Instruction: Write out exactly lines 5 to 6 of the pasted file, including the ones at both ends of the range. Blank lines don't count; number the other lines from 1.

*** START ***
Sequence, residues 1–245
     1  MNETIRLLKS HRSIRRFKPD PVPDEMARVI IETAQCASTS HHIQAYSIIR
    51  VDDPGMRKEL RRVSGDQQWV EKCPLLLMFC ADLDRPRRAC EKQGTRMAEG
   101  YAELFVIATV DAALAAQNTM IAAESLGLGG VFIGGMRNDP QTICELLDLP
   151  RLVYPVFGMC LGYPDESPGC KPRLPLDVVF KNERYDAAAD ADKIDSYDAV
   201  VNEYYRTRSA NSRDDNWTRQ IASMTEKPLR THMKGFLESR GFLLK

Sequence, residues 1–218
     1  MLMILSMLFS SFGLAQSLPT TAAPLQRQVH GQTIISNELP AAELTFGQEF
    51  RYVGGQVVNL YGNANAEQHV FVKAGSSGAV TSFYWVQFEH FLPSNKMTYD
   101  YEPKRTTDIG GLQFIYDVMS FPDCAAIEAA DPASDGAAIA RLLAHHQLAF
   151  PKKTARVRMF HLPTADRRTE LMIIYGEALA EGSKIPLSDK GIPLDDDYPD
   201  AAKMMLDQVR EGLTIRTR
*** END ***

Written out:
   151  RLVYPVFGMC LGYPDESPGC KPRLPLDVVF KNERYDAAAD ADKIDSYDAV
   201  VNEYYRTRSA NSRDDNWTRQ IASMTEKPLR THMKGFLESR GFLLK